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Leak detection on produced water pipeline networks

Water needs to be carefully managed as a byproduct of oil and gas production

Water is considered a byproduct of oil and gas production and must be carefully managed. This water is usually referred to as ‘produced water’ and is the largest volume waste stream associated with oil and gas production. Because produced water was viewed as a waste by product historically, the most commonly practiced management strategies were aimed at disposal, rather than beneficial use.

Produced water is generated from most of the nearly one million actively producing oil and gas wells in the United States. The cost of managing such a large volume of water (21 billion barrels in 2012) is a key consideration for oil and gas producers; however it is also important to consider produced water management strategies in the context of overall water supply and economics for the benefit of all. Most oil and gas producers have installed, or are installing, pipeline infrastructure to gather produced water from wells. Since these pipelines contain produced water (which is hazardous to the environment), the ability to prevent and detect pipeline leaks is critical.

The pipeline infrastructure gathers produced water from temporary storage available at each well pad site and transfers (using automatic pumping) the produced water to temporary storage at either a disposal well location or at a central treatment facility. This pipeline infrastructure typically has some unique characteristics:

  • Gathering network with many inlets (well pads) and many outlets (injection or treatment sites);
  • Typically monitored using a slow update time in SCADA (minutes at best);
  • Typically only monitored using flow and pressure measurements at inlets and outlets;
  • Quality (i.e. specific gravity) is variable, for individual well, well to well, field to field, region to region; however quality measurements are typically not available for monitoring in SCADA for each well;
  • Intermittent flow or no continuous flow that could create air pockets in the network;
  • Bi-directional flow dependent on supply/demand in the gathering network.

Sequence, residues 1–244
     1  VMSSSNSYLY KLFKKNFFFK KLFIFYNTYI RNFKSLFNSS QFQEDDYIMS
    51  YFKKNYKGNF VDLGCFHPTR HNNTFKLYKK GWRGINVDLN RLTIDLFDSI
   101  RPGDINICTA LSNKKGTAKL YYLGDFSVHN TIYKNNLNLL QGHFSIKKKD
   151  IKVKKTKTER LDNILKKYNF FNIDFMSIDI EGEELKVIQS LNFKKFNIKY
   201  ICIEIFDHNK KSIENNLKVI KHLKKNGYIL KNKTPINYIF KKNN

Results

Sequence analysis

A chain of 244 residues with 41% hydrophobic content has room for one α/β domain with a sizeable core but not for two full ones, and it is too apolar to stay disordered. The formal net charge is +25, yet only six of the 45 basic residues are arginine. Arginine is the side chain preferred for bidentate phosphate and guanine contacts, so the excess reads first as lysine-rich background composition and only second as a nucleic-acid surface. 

Preventing a leak before it happens is always more beneficial than reacting to a leak. A produced water network is typically a small diameter pipeline network, which means cleaning the inside of the pipeline is problematic and pipelines could therefore become clogged with deposits. This will have an impact on pressures in the pipeline. Accurately monitoring these pipeline pressures for unexplained pressure changes is a good way to operationally prevent leaks in the produced water network. This can be done using Supervisory Control and Data Acquisition (SCADA) monitoring methods or by utilizing a Real-Time Transient Model (RTTM).

Density of water unknown

Since the produced water varies from well to well, and it gets mixed within the pipeline network, the density of the produced water is essentially unknown in the pipeline since the density is typically not measured at each inlet. However, the hydraulics associated with this mixed produced water still behave similar to other liquids. This means that by assuming the produced water in the pipeline is not compressible and by using an average density for the produced water, it is possible to create a Real-Time Transient Model. This model can be used for pressure monitoring to detect increases in pressure in the pipeline at locations where there are no measurements, providing a chance to prevent a leak before it occurs.

Detecting a leak in a produced water pipeline network can be done using internal or external leak detection methods. External leak detection methods attempt to detect the leak on the outside of the pipeline using techniques that are: